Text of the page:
This lengthy narrative is followed immediately by interview clips with Jewish survivor Filip Müller, who describes what it was like to enter the incineration chamber in Camp 1 at Auschwitz and engage in disposal of corpses for hours on end — in his case, “doing the work” instead of “choosing” to be shot.

Suffice it to say that there is nothing in existence comparable to this documentary, which remains not only essential (albeit grueling) viewing for film fanatics, but an invaluable archive of facts that — shockingly — continue to be refuted and denied by some. Please do make the time and energy for it, though I recommend chunking it out into more manageable sessions (perhaps four).

Redeeming Qualities and Moments:

  • Invaluable oral evidence of inexplicable atrocities

  • Many raw, powerful moments

Must See?
Yes, for its ongoing historical and cinematic relevance.

Categories

  • Historically Relevant

(Listed in 1001 Movies You Must See Before You Die)

Links:

M (1931)

M (1931)

“But I can’t help it!”

Synopsis:
When a serial child murderer (Peter Lorre) in Berlin kills yet another young girl (Inge Landgut), Inspector Lohmann (Otto Wernicke) intensifies his search, leading the head of the criminal underground (Gustaf Gründgens) to rally his own men — including local beggars — in helping to identify, capture, and try Lorre.

Genres, Themes, Actors, and Directors:

  • Amateur Sleuths
  • Fritz Lang Films
  • German Films
  • Pedophiles
  • Peter Lorre Films
  • Serial Killers

Response to Peary’s Review:
Peary opens his review of Fritz Lang’s “first sound film” — based “on the real-life Dusseldorf murderer” — by stating, “Exciting filmmaking!” and ends by referring to it as “a masterpiece.” He reminds us that “Lang’s films are about paranoia, where a single figure walks through a city in which everybody seems to be his enemy” — and “in this case everyone is after Lorre.” Despite playing a “sweaty, plump murderer of little girls,” Lorre still manages to move us with his “pathetic, screeching plea for mercy” when he claims, “I can’t help myself!” Peary writes that “Lorre’s delivery of the guilt-ridden speech” during “the criminals’ kangaroo court” is “one of the truly great performances in cinema history.”

… and argues that the “picture is tasteful, considering its subject matter; yet it is uncompromising.” He points out that “suspense is heightened by the imaginative use of props (a balloon floating away in the sky and a rolling ball indicate children have been killed):


… and Lorre’s eerie whistling of [a] tune from Grieg’s Peer Gynt” (“In the Hall of the Mountain King”). Finally, he highlights the “expressionistic style” of cinematography “by Fritz Arno Wagner.” Peary is right in his assessment of this classic thriller — not an easy film to watch by a long stretch, but critical to all film fanatics’ understanding of Lang’s cinematic genius. Check out this video entitled “M: The First Serial Killer Film” for a nice overview of how and why this movie remains so significant.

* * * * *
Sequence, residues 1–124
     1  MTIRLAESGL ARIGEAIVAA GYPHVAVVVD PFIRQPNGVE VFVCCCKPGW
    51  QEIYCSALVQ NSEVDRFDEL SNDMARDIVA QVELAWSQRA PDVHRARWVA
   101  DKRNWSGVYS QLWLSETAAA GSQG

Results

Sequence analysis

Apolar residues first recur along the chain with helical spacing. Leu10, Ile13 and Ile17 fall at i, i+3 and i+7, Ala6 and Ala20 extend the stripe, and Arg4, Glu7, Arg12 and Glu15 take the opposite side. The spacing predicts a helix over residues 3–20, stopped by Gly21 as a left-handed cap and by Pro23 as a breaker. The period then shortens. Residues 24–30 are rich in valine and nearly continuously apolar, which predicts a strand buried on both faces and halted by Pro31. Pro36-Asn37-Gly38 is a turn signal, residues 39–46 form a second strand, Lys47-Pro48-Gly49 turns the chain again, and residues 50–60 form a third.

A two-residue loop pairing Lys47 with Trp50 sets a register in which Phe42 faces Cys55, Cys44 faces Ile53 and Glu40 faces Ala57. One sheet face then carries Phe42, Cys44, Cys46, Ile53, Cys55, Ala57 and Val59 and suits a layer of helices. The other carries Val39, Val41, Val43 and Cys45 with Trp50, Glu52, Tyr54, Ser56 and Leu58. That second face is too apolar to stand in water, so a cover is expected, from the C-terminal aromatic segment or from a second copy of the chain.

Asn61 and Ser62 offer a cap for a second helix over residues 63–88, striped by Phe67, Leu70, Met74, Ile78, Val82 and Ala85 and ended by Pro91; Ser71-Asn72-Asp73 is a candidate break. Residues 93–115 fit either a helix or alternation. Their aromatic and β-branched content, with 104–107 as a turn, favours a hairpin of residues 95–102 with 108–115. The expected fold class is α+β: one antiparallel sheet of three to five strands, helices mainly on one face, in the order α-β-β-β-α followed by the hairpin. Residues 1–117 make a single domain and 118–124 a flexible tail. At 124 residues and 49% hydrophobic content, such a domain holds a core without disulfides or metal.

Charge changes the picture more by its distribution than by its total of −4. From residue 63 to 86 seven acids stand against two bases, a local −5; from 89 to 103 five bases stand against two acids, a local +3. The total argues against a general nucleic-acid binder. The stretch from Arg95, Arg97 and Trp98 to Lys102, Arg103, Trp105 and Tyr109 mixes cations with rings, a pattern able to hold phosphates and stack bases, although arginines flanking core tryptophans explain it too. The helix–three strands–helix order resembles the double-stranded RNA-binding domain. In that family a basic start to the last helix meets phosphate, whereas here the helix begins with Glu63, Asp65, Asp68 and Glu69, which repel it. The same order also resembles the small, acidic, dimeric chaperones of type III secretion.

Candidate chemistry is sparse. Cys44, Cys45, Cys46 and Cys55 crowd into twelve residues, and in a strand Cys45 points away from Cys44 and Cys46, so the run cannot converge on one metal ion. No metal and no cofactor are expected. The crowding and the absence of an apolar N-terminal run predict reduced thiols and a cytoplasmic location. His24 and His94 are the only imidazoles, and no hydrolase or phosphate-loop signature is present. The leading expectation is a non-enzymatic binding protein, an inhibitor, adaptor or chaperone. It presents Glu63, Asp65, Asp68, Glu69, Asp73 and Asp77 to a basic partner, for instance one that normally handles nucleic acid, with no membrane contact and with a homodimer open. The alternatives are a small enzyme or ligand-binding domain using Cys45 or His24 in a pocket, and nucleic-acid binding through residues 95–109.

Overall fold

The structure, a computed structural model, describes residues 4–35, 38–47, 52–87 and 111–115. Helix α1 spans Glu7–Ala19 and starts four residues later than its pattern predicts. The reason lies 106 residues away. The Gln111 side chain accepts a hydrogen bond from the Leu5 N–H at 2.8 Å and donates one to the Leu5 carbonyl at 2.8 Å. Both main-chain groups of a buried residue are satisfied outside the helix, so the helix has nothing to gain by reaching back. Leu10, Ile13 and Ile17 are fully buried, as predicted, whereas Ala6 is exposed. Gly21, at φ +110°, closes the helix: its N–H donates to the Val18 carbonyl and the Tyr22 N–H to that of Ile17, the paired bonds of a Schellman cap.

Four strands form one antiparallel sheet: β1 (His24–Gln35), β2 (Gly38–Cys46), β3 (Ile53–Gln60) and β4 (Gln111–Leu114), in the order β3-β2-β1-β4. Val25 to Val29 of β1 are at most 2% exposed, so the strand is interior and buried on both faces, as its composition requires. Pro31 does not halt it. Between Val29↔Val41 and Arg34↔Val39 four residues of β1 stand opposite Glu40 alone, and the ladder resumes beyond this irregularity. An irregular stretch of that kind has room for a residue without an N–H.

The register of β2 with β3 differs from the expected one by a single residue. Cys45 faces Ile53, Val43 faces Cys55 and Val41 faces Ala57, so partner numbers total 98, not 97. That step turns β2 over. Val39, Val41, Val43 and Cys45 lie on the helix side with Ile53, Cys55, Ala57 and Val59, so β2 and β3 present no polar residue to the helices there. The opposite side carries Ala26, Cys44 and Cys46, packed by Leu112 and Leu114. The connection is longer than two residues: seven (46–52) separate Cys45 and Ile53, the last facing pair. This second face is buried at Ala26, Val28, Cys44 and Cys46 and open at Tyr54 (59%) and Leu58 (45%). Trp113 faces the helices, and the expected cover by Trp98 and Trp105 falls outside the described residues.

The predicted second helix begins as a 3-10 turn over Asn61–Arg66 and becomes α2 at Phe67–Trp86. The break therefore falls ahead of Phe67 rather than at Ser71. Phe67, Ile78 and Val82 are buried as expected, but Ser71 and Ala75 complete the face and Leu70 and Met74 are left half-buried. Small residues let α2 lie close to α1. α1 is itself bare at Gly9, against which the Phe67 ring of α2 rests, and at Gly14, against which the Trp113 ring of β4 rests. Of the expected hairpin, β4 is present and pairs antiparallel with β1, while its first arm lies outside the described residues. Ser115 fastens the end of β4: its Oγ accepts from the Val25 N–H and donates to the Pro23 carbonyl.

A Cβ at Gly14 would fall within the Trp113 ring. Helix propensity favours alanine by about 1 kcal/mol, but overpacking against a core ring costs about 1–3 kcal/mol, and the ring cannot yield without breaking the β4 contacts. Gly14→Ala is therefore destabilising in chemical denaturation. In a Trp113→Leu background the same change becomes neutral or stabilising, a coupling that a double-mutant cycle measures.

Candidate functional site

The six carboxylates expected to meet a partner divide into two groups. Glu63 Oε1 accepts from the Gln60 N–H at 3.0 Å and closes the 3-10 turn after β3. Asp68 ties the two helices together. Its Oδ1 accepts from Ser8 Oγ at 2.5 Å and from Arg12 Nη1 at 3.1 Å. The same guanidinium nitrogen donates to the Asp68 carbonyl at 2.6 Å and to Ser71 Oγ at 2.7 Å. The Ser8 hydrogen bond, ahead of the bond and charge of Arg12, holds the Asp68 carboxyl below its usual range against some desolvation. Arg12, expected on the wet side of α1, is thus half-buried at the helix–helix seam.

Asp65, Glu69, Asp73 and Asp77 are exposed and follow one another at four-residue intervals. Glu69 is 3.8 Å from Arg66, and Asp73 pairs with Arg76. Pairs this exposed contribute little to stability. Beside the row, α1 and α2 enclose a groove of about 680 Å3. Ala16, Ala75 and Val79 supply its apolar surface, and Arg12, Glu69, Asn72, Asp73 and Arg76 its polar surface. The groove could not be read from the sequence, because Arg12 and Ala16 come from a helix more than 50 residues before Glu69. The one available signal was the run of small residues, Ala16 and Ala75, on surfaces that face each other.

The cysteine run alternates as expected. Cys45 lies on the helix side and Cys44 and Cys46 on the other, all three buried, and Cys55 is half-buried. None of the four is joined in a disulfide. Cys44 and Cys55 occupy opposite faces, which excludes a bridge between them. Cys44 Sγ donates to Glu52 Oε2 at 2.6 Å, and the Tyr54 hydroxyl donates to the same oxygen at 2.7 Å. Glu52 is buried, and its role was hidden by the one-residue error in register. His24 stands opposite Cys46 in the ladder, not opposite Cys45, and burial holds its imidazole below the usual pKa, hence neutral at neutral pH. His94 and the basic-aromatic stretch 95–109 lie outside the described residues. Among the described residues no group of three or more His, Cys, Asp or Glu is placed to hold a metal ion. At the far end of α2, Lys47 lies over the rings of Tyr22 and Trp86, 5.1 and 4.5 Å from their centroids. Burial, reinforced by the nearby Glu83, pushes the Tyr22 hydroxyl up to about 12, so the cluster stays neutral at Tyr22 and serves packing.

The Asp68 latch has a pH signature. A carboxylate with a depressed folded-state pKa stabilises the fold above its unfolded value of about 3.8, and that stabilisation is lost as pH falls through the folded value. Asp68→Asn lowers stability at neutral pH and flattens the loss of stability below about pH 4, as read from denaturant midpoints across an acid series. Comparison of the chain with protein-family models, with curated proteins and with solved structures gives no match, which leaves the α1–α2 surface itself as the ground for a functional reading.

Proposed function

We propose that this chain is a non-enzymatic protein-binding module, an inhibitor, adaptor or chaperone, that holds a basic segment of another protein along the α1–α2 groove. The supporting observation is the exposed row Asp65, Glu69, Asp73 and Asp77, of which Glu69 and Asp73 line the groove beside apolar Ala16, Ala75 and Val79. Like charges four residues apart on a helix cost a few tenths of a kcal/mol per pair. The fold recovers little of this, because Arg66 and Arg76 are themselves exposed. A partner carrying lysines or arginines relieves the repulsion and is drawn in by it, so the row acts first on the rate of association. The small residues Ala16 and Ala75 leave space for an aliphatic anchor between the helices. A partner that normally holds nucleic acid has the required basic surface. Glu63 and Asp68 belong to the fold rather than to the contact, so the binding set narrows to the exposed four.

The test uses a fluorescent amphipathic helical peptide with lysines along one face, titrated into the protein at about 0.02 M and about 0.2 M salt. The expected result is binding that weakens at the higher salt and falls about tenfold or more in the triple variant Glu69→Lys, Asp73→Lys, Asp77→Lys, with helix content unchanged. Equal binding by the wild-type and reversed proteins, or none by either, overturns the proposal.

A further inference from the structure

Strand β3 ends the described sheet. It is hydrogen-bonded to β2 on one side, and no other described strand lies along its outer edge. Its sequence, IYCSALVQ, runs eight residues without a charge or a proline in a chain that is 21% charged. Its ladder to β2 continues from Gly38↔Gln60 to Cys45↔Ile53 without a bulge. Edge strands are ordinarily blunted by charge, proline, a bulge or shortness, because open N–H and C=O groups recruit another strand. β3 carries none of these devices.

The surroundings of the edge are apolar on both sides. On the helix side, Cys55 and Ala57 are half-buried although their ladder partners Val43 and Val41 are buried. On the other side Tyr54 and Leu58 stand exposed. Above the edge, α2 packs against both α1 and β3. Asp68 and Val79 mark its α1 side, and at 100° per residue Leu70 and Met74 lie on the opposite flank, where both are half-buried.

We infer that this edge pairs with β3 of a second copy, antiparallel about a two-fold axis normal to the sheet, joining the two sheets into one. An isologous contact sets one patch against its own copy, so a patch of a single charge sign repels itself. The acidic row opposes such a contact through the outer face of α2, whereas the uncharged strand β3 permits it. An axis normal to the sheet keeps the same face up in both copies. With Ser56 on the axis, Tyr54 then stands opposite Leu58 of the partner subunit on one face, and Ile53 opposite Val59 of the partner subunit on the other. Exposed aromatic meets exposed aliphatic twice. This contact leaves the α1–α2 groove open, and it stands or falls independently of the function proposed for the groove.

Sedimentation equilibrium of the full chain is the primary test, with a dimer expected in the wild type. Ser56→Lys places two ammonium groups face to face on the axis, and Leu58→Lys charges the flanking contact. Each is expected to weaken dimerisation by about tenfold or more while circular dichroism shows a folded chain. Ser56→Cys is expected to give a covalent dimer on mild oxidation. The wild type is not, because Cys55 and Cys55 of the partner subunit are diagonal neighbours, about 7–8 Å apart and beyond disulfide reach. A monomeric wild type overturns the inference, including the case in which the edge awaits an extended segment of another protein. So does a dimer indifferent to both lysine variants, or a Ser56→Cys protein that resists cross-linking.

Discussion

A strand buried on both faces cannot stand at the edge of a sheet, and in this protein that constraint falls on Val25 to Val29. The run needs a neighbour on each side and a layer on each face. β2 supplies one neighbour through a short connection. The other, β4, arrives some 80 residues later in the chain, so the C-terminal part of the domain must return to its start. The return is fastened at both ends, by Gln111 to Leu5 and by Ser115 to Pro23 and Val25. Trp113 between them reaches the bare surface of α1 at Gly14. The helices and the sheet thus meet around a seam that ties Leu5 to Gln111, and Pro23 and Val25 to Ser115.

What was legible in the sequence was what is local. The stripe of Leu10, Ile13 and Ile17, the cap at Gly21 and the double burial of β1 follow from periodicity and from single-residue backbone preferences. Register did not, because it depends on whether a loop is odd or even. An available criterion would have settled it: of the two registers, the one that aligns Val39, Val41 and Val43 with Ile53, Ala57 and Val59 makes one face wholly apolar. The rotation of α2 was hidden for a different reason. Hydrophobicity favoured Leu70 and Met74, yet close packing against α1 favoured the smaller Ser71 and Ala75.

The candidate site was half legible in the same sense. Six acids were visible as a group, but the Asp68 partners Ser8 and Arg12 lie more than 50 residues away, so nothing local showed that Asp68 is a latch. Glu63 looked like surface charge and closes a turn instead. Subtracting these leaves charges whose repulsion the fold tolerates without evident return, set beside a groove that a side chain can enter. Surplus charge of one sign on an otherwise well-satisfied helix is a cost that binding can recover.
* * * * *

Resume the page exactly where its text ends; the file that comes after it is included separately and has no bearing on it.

Redeeming Qualities and Moments:

  • Peter Lorre as Hans Beckert
  • Highly atmospheric cinematography and sets


  • The masterful “kangaroo court” sequence
  • Expert use of sound

Must See?
Yes, as a masterpiece of early sound cinema.

Categories

  • Genuine Classic
  • Important Director

(Listed in 1001 Movies You Must See Before You Die)

Links:

1,000 Eyes of Dr. Mabuse, The (1960)

1,000 Eyes of Dr. Mabuse, The (1960)

“In reality, my marriage is sheer hell.”

Synopsis:
A suicidal woman (Dawn Addams) whose abusive husband (Reinhard Kolldehoff) refuses to divorce her is rescued from a hotel ledge by a wealthy American (Peter Van Eyck) who sends for her psychiatrist (Wolfgang Preiss), then promptly falls in love with her. Meanwhile, a detective (Gert Fröbe) investigates who may be behind recent murders conducted by the unseen Dr. Mabuse; a pushy insurance agent (Werner Peters) lurks around the corners of the Nazi-built hotel; and a blind psychic (Lupo Prezzo) makes ominous predictions.

Genres, Themes, Actors, and Directors:

  • Criminal Investigation
  • Detectives and Private Eyes
  • Fritz Lang Films
  • German Films
  • Marital Problems
  • Mind Control and Hypnosis
  • World Domination

Review:
Fritz Lang’s fourth film about criminal mastermind “Dr. Mabuse” — after his two-part silent epic Dr. Mabuse, The Gambler (1922) and its sound-era sequel, The Testament of Dr. Mabuse (1933) — also turned out to be his final movie. It’s a less visually impressive, but narratively complex continuation of the machinations of “Mr. Mabuse”, updated to incorporate pervasively modern (for the time) video surveillance technology. As DVD Savant describes in his review:

1,000 Eyes breaks a complicated mystery down into dozens of short, interlocking scenes. Each scene introduces only a single puzzle piece for the mystery. It’s as if each little scene has the verb for the scene that precedes it, and the noun for the scene that follows. We the viewers must digest the flood of un-collated information as fast as we can.